Etosha National Park

Day 8 – Jun 26: Palmwag – Etosha National Park 

We arrived at Etosha’s Galton Gate at 15.30, perfect and enough time to visit some waterholes, before we have to check in at Olifantsrus campsite for our first night in Etosha.

Black-backed jackal.

Kori Bustard.

Goshawk.

Etosha is unique in Africa. The park’s main characteristic is a salt pan so large it can be seen from space. Yet there is abundant wildlife that congregates around its dozens of waterholes.

Jakkalswater waterhole.

Wildebeest in action.

Kudu.

And all of a sudden this herd came out of the bush..!

The waterhole at Olifantsrus is dimly lit with some red light, but only early in the evening. Later at night they switched it off, until early morning. I visited the waterhole at night, after the lights went out. It was almost full moon so visibility was quite good and I didn’t want to disturb any wildlife with my flashlight. I guess I was rewarded and was fortunate to see a leopard come to the waterhole for a drink. It turned out to be the first and last leopard we saw in Namibia.  

Day 9 – Jun 27: Etosha National Park

Before sunrise we were on our way and first drove back to Jakkalswater, which was so good the day before, and then to Renostervlei.

Good morning lions! The first ones of this trip.

The closer the herd gets to the water the more inpatient particularly the younger elephants become and steadily increase their pace until they're almost running... 

Eland, not a common sight.

Zebra action.

From Renostervlei we drove to Grunewald, with a lunch break at a picnic place along the road, somewhere half way the road from Olifantsrus to Okaukuejo.We drove through the so-called Fairy Tale Forest, looking for leopard, but no luck. Somehow this didn’t surprise me, as we also didn’t see any potential leopard prey…

Then to the Okondeka’s natural waterhole, hoping to find the residential lion pride.

The Etosha salt pan, visible from space!

We found the lions hunting, but eventually too far away.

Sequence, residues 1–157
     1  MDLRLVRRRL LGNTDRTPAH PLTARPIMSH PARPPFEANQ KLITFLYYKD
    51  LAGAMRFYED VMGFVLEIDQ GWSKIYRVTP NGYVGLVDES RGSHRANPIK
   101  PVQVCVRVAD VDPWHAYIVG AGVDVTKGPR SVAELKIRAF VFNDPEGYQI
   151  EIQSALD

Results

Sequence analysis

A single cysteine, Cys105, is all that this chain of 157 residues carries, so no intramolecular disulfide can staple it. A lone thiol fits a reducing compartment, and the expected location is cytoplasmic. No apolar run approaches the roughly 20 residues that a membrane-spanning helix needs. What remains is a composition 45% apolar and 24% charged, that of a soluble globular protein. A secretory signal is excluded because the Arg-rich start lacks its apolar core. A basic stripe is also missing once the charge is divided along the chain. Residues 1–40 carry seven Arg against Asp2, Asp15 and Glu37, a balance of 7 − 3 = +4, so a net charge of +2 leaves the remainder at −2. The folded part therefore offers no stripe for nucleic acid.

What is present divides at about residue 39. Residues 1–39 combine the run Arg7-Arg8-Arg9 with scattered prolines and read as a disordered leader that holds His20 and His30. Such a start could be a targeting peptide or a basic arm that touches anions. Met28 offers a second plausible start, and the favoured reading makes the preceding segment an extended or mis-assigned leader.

Time was ticking, so we had to drive to Okaukuejo where we wanted to enjoy sunset at the waterhole. the sun was setting slowly and as the direction of the herd was predictable I was able to put myself close to where they would cross the road and be right behind them to take some photos into the sun, hoping for some nice silhouettes...

Almost crossing the road, now in gallop...

One of my favourite photos of the trip.

The sun was now almost gone, so we kinda ran straight to the waterhole. And not a minute too early did we arrive at Okaukuejo, they must have closed the gate right behind us. I was just on time for a few sunset photos.

The rest of the evening we spend at the floodlit waterhole, a magical setting, the animal action and sounds of nature seem to naturally silence anyone watching this spectacle...

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Testing my camera to the limit...

Day 10 – Jun 28: Etosha National Park

Early morning we did the Wolfsnes - Okondeka - Adamax - Natco - Leeubron loop, with a spectacular sunrise and most of the early morning the sun in our back.

Springbok.

Oryx.

Impala.

After this loop we drove back to camp for coffee and toilet, in that natural order, before driving to Nabrownii, Gembokvlakte and then to the beautiful scenic natural waterhole of Olifantsbad (with picnic place and toilets) and then Aus, before returning back to our camp for lunch and mid-day break.

Kudu.

Topi.

Cape glossy starling.

Refreshed and with high hope to find lions we took off again towards Gemsbokvlakte. A kilometer before the waterhole we saw a group of 4 or 5 bat-eared foxes foraging over the savanna, but way too far for any decent photos, we could hardly see them without binoculars! I’m still not even sure how we spotted them in the first place… From their direction we knew they were probably slowly on their way to the waterhole, so we decided to wait for them there. We had a great time watching particularly the giraffes.

All of a sudden the giraffes all stood up straight, backed-off from the waterhole and looked to somewhere behind our car: a lioness with 3 cubs walked right from behind our car straight to the waterhole in front of us, front row seats!

Half an hour later the lioness and cubs decided to have a nab in the grass just next to the waterhole. There were only about 5 or 6 cars, who then decided to leave. We waited patiently for the bat-eared foxes.

They arrived 10 minutes later. We thought that the lioness maybe might be interested, but I guess she was too lazy..? It was obvious that the foxes were not really concerned when they passed the lioness within less than 20 meters.

Bat-eared foxes, absolutely beautiful animals!

The sun was setting fast now, time to go back to camp for sunset and our second and last night at Okaukuejo. 

Magical colours.

A look behind the scene...